Reactive Canvas with ClojureScript and Vue
Or How I Learned To Stop Worrying And Ditch Custom Directives
Since writing my post Reactive Canvas with TypeScript and Vue I’ve discovered glue, a library for defining Vue components in ClojureScript. Ever the hipster, I had to give it a spin. This post details the same functionality as that post but using ClojureScript instead of TypeScript.
Once you’ve installed the above navigate to your project directory and issue: lein new figwheel rxcanvas-cljs. Navigate to your new folder rxcanvas-cljs and open up project.clj. We just need to make one change. Find your :dependencies key and make it look like this:
We’ve just added glue to the list. Don’t worry too much if your version numbers don’t match exactly - this is just what the template came with on the date of this writing.
Now we execute lein figwheel. The first run will be the longest as it gathers dependencies. When it loads, open your browser to localhost:3449. When the page loads you should see the REPL prompt appear in your terminal - try issuing (js/alert "Hello from ClojureScript"):
You should see the requested alert in your browser. Leave this running as you develop and when you’re ready to close type :cljs/quit at the REPL prompt.
If you’re new to figwheel take a moment to familiarize yourself with the blank project layout. There’s not too much here. The dev directory just sets up some convenience functions, and our HTML and CSS will live in resources/public. It has pre-populated a .gitignore and a README.md for you. All of our logic will live in src/rxcanvas_cljs/core.cljs.
We’re not using Single-File Components. This would currently involve some non-trivial DIY plumbing. There’s no vue-loader equivalent to do the parsing for us yet - you could write the first! If I’m wrong about this, somebody pipe up below.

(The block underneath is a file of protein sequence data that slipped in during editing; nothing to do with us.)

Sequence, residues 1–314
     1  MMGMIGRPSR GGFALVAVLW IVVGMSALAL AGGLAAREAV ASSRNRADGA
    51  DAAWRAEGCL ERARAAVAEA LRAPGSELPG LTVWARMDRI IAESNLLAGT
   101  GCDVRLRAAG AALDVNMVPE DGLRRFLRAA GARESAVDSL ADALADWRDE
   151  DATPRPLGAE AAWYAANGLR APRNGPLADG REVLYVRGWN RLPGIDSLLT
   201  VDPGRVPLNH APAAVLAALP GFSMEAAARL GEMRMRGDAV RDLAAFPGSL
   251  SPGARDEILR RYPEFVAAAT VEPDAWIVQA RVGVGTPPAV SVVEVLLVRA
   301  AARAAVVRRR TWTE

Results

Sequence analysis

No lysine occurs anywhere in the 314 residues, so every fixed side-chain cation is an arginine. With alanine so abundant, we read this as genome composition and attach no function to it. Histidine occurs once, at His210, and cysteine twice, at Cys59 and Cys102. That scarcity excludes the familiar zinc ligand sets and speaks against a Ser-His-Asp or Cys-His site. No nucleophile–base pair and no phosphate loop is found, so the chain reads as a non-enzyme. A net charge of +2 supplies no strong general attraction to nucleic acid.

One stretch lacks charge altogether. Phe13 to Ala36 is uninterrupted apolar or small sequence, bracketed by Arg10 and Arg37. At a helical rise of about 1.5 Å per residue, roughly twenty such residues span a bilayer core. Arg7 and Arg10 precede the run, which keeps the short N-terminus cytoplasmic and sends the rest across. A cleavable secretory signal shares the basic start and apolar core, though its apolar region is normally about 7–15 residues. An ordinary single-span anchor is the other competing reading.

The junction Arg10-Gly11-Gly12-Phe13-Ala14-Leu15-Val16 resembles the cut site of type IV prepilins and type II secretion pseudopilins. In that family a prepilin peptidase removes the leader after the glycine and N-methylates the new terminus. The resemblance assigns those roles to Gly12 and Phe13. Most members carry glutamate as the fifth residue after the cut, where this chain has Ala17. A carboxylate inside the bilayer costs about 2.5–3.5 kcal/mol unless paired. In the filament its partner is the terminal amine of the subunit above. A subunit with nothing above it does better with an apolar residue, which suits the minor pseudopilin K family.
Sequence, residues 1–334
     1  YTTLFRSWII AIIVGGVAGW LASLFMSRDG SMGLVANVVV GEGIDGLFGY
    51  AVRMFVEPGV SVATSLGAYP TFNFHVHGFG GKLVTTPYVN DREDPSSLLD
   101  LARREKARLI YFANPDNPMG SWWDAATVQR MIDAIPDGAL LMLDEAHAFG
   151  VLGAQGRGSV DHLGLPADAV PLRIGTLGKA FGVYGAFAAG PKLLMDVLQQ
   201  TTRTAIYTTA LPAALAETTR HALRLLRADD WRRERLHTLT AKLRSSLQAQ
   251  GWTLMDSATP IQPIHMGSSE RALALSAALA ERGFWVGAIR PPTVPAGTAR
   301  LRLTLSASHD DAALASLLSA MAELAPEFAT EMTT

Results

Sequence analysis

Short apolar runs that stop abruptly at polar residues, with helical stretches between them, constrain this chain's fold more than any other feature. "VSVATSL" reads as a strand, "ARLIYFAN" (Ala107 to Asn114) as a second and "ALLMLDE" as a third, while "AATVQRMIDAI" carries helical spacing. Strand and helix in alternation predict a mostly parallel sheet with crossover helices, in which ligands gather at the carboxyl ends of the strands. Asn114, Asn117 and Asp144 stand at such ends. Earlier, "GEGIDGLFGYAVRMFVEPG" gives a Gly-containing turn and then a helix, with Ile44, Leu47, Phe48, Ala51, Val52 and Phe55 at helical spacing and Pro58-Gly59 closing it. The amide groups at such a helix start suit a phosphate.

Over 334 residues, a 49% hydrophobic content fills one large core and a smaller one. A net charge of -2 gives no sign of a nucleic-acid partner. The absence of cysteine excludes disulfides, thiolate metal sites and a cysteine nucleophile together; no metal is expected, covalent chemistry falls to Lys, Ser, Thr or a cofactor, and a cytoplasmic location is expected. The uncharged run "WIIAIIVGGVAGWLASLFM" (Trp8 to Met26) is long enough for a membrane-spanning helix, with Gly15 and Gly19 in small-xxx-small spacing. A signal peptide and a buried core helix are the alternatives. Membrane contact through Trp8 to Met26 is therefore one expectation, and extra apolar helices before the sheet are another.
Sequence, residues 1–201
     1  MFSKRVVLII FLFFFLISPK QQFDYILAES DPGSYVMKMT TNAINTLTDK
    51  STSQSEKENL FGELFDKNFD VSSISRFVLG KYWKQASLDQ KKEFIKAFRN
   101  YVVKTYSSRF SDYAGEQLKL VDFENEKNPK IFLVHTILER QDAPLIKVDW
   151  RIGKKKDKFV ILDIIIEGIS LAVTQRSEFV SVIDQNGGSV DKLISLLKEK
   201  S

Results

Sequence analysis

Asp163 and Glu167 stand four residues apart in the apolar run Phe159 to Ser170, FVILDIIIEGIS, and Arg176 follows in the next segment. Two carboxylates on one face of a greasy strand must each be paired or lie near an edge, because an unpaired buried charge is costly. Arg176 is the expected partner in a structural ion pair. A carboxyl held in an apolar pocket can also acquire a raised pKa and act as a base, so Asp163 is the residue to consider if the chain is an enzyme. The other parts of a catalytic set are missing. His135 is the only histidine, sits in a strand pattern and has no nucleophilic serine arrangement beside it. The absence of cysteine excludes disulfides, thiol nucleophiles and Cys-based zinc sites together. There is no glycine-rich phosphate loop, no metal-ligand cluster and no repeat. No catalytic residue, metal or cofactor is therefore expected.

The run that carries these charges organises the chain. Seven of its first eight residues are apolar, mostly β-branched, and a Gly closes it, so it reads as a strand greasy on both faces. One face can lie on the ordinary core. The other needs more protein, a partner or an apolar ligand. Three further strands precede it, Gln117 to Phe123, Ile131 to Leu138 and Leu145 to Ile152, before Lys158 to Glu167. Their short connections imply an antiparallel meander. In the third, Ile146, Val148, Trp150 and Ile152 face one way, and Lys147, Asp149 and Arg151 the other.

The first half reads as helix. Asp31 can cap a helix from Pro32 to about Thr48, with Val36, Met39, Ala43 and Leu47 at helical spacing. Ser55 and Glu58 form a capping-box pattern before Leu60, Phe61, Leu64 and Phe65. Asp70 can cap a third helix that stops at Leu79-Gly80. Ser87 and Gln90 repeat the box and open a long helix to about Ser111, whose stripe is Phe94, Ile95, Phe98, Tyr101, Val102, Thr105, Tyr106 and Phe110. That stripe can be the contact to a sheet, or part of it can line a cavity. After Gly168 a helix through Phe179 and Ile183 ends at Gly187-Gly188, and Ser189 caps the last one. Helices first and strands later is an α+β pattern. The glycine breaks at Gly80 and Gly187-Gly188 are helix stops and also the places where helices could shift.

We’re just going to keep our template separate. Open up resources/public/index.html. The figwheel template comes with a div with the id app. We’ll keep the div but replace the contents:
Now we can use the <template> tag to define our resizable dot component. Place this above the app div, directly following the opening <body> tag:
There are two changes from the TypeScript. For one, I’ve replaced v-model="size" in the range tag with @change="drawDot". This method will handle updating our state. I’ve also ditched the custom directive in the <canvas> tag, instead just assigning an id.
Now we get to the good stuff. Open up src/rxcanvas_cljs/core.cljs. First, we need to override the built-in atom with the one glue provides and bring the rest of the library into scope. Add the following to your ns form at the top of the file:
Leave in the (enable-console-print!) line at the top of the file - this allows us to use the browser console for output with println should we so choose - but delete everything else.
We’ll start with the mount point:
This locates the <div id="app"> from index.html and mounts our Vue stuff to it. We also need to make sure it keeps itself refreshed - add the following below:
ClojureScript is not object-oriented like TypeScript, so we’ll just define a plain old function to handle the canvas drawing logic instead of a Dot class. Put this above your app definition:
Interop is dirt simple - you just put the method in the first position of the s-expression. You can get and set properties via syntax like (.-PI js/Math). It’s rather easy to get addicted to the hyper-regular syntax.
Now we’re ready to define the component itself. With glue we use defcomponent, right below draw:
Instead of data() we’re using the key :state but it still returns a function. We’ve explicitly stored the size in an atom, ClojureScript’s mechanism for allowing mutability in an otherwise immutable language. This particular atom, as discussed, is from glue and has some extra goodness built in to ease use in Vue components. Using it we can access size using simple forms like (:size state).
Also note - in our template we style the method name drawDot, and in our ClojureScript it’s called draw-dot. This is another part of what glue is handling!
We need the @ operator as in @(:size state) to get at the current value of the atom in our call to draw.
That’s it! Now our canvas will resize and redraw on each change to our slider.
The completed code can be found here.